Why are so many people using ad blockers?
Prominent mobile device companies like Apple and Samsung have recently added the ability to run ad blockers on their phones and tablets. And many users have been installing them, making ad blockers some of the most popular apps in app stores.
Ad blockers are a hot topic of debate though, with revenue-starved sites being pitted against users who are concerned about malware as well as their overall reading experience. Users are defending their right to run ad blockers, while sites are requesting that they turn them off.
But there's another reason why so many people are using ad blockers on their mobile devices: mobile data allotments. It turns out that advertising can eat up a user's fixed data allotment very, very quickly and that could result in expensive overage charges.
Karl Bode reports for Techdirt:
By now, usage caps on both fixed and wireless networks have grown increasingly common. And while broadband carriers are endlessly looking toward caps and zero rating for a competitive and financial advantage, overlooked is the fact that a huge amount of a user's monthly bandwidth allotment is now being eroded by good old advertising. How much? According to a new study by Enders Analysis, anywhere from 18% to 79% of your monthly data bucket can go toward delivering advertising. Previous studies had pegged this between 10% and 50%.
It's important to remember this as websites begin waging all out war on ad blockers. Users aren't just using ad blockers because they think it's fun to generate industry histrionics about the end of publishing and journalism as we know it. Users are using ad blockers to protect themselves from annoying malware and poorly-designed advertising and web formatting. They're also using ad blockers to help protect their wallet from broadband provider overage fees. Block the blockers, and you're blocking an effective consumer technology tool.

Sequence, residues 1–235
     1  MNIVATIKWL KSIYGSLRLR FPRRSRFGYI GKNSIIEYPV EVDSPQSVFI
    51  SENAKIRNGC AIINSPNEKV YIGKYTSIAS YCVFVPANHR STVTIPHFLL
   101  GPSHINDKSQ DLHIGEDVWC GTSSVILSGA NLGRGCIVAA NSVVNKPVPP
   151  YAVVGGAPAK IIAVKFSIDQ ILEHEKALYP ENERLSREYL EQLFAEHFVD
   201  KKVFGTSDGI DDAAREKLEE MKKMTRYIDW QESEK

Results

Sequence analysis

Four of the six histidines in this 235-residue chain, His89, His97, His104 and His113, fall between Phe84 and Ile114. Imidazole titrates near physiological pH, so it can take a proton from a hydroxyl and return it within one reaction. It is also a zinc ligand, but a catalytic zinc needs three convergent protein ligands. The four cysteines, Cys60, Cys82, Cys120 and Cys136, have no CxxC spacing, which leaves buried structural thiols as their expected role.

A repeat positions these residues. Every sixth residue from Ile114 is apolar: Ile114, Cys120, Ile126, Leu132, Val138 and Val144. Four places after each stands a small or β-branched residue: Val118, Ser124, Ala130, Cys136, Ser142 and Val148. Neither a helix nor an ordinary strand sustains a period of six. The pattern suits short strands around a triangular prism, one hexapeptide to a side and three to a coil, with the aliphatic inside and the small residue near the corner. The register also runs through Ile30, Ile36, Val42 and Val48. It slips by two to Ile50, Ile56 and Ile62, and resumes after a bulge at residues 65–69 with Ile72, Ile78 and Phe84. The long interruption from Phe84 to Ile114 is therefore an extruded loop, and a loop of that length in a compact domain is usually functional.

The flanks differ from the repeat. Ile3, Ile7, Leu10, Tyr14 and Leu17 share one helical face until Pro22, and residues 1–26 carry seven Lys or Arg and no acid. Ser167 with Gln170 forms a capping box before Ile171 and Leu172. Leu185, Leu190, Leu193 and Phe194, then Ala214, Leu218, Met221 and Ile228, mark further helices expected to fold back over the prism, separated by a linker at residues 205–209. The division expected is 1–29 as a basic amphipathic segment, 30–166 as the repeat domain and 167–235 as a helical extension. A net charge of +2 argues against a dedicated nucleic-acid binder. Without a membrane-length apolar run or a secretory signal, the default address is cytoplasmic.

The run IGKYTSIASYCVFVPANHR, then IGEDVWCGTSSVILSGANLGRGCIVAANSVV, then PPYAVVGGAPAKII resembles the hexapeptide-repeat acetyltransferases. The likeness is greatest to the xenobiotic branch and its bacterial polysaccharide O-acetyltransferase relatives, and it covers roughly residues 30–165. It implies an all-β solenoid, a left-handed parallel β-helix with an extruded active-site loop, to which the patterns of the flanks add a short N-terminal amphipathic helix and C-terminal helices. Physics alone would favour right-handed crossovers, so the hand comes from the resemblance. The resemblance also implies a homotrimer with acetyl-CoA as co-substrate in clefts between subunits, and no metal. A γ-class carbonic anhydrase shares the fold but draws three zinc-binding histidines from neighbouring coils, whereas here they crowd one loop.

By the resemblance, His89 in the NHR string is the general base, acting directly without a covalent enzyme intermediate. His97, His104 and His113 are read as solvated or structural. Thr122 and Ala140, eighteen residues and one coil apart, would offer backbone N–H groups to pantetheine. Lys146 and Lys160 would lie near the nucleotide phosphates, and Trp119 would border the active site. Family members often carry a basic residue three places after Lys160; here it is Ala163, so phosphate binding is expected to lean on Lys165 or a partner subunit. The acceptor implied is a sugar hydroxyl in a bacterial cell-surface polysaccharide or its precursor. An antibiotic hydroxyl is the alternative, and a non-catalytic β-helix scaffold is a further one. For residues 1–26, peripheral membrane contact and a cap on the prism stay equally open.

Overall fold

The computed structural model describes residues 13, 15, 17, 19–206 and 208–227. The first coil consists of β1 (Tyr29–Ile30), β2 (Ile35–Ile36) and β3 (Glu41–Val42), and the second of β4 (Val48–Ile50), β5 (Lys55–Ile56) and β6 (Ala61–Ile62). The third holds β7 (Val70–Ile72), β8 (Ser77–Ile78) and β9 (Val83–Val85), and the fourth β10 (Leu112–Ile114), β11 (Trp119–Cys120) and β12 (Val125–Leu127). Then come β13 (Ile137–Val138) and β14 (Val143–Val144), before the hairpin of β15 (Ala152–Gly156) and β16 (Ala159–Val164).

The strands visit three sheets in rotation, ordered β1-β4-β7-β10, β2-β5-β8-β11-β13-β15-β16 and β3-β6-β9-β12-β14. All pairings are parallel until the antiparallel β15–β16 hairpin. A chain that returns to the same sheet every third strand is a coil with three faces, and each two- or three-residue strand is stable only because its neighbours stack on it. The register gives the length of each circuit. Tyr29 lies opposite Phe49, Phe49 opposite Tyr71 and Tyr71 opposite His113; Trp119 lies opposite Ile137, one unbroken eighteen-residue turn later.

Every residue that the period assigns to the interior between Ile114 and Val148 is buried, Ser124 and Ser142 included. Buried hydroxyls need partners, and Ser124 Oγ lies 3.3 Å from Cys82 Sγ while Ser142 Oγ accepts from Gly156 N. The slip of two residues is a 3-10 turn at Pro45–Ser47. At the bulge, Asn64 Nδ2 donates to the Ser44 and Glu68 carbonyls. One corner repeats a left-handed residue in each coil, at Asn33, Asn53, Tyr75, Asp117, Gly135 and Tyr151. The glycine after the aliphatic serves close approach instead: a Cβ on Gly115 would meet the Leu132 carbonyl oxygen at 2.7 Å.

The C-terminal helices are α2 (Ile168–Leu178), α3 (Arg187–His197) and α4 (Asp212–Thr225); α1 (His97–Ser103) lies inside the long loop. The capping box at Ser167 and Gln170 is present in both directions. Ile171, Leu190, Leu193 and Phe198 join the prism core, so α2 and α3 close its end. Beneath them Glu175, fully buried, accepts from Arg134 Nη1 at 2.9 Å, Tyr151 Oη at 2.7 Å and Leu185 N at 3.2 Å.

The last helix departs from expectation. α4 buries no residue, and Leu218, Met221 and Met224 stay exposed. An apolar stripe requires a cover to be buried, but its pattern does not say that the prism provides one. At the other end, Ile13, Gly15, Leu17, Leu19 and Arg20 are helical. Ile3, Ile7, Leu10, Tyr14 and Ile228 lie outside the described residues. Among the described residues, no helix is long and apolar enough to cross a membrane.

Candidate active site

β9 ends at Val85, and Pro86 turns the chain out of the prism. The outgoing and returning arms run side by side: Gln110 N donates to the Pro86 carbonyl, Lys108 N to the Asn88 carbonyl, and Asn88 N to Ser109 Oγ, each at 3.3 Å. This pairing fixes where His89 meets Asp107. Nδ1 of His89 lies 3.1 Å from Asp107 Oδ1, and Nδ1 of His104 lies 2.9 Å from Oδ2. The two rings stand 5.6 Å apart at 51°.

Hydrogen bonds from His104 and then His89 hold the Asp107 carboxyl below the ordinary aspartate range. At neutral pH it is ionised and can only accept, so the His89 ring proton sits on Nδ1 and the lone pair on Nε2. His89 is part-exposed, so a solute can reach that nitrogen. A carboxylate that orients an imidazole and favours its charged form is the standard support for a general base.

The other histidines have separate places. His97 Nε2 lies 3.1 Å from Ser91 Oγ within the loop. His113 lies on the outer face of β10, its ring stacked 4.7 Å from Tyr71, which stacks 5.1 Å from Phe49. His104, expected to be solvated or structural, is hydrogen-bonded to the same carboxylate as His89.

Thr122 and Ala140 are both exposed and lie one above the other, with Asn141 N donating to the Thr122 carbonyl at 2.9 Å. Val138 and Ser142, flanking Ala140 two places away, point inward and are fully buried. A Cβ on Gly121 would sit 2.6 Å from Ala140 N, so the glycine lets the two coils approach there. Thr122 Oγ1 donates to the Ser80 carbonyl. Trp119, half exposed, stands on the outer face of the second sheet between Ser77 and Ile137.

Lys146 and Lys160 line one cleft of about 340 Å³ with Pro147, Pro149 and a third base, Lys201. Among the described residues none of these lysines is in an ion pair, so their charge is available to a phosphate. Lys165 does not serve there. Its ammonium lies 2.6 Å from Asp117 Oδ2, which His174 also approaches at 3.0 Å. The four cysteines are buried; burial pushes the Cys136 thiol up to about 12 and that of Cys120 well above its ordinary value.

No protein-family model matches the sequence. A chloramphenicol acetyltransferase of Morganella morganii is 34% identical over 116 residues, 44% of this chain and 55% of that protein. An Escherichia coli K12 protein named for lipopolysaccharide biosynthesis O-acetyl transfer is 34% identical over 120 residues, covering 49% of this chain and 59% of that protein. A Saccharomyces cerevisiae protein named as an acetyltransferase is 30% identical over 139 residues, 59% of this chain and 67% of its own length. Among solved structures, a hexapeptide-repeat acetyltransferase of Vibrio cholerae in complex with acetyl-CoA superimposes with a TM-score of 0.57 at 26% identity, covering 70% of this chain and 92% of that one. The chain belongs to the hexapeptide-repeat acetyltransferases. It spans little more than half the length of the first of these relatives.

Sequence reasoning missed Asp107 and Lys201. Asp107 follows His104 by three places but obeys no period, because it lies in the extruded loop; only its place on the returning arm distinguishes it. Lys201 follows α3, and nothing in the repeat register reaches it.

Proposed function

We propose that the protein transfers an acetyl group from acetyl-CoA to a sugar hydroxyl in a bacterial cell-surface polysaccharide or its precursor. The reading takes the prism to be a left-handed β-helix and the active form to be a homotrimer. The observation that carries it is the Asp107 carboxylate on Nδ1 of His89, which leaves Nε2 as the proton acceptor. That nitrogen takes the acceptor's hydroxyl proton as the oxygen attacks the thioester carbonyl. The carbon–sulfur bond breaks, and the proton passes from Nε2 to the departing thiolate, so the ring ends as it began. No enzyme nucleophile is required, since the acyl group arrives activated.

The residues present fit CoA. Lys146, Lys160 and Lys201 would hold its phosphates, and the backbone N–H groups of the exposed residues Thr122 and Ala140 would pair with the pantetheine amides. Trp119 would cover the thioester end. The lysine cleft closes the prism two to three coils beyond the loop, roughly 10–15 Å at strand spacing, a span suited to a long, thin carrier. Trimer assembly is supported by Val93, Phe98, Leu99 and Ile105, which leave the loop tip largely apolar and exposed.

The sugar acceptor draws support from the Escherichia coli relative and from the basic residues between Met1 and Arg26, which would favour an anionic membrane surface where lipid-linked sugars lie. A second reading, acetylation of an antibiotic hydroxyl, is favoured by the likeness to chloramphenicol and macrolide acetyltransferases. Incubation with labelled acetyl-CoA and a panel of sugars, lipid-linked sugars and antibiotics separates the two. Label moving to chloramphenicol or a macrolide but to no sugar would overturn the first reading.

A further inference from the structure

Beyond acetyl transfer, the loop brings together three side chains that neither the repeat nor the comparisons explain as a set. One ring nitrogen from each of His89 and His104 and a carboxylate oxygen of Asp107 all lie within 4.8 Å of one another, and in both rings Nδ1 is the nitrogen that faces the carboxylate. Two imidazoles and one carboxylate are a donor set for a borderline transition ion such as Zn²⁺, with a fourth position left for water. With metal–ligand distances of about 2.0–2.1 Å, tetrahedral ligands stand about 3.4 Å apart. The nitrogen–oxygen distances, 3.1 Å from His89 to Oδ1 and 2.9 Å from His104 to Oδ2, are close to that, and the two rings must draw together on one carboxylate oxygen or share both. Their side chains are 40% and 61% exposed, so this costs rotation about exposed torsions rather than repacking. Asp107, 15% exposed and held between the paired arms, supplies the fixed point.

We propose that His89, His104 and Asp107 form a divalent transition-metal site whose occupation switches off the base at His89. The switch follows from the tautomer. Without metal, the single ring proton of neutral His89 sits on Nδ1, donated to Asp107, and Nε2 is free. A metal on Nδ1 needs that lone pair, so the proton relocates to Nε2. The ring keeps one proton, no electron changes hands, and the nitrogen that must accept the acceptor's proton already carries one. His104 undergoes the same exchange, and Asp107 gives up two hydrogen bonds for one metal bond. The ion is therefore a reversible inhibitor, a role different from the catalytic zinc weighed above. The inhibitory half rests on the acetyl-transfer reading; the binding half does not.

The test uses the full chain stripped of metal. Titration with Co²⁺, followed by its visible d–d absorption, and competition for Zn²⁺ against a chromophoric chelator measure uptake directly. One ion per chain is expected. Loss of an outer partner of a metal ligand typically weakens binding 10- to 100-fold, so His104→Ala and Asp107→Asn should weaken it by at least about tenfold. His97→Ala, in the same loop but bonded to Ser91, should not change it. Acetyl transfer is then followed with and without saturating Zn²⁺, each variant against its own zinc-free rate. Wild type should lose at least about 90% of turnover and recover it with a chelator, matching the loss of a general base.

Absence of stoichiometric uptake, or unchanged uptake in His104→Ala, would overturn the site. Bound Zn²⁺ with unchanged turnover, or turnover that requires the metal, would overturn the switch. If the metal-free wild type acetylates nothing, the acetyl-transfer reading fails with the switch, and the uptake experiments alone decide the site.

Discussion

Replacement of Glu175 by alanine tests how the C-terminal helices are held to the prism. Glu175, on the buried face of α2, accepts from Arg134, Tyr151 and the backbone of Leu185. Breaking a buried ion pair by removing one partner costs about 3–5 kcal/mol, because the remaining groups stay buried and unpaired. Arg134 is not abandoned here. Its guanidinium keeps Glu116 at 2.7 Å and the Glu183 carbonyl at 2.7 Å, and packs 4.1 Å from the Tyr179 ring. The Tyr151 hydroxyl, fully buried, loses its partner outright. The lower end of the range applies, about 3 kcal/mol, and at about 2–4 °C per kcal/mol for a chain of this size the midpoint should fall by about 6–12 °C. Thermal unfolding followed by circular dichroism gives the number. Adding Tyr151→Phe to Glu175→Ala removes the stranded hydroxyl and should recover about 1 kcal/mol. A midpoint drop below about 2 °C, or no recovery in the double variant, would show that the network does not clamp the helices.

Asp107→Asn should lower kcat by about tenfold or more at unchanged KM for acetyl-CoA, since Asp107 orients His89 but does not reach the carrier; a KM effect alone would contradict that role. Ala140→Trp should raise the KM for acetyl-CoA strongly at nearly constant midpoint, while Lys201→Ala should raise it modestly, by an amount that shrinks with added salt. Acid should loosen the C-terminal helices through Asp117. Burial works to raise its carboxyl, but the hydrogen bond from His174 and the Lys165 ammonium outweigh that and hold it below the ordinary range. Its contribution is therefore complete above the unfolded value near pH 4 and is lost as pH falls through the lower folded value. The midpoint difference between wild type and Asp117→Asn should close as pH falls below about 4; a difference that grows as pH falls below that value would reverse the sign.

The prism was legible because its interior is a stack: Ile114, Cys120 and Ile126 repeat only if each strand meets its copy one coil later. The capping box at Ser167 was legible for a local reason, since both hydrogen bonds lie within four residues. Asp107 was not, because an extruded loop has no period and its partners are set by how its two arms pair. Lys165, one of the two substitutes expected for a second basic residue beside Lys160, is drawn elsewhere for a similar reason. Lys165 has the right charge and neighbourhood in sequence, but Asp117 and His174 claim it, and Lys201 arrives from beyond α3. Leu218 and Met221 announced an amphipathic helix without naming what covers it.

You also have to keep in mind that usage caps (especially on fixed line networks) are entirely arbitrary constructs, not tied to any real-world costs or engineering necessity. And while carriers have worked tirelessly to zero rate their own content or content from the biggest companies on the Internet, so far nobody's rushing to cut consumers a little slack and zero rate advertising at any meaningful scale. In other words, not only are consumers paying an arm and a leg for mobile data, they're paying an arm and a leg predominately so they can be marketed to.
Techdirt's story about ad blockers caught the attention of Linux redditors, and they pulled no punches while sharing their thoughts about it:
Buzzrobot: "More than anything, an ad blocker is a necessary security tool these days, given the inability of many sites to police the ads delivered to their customers via the ad networks they use.
Traditional newspapers know what's in their ads because they put them there. Actual employees vet the ads. Web sites don't know because they pay someone else to serve the ads on their pages."
Gogmagog: "Malvertising is an important consideration which never seems to come up when there's a discussion about ad blocking. Advertising is a malware delivery vector you have to protect yourself against, just like any other.
It's easy to distribute malware through an ad network when partners aren't actually paying attention to what sort of advertising content is being displayed on their web pages. You just plug in a script and let it work while you collect a trickle of revenue. Everyone has a problem with ad blocking when that revenue starts to disappear, but nobody seems to care if they may be serving a payload with no prompt or user interaction required."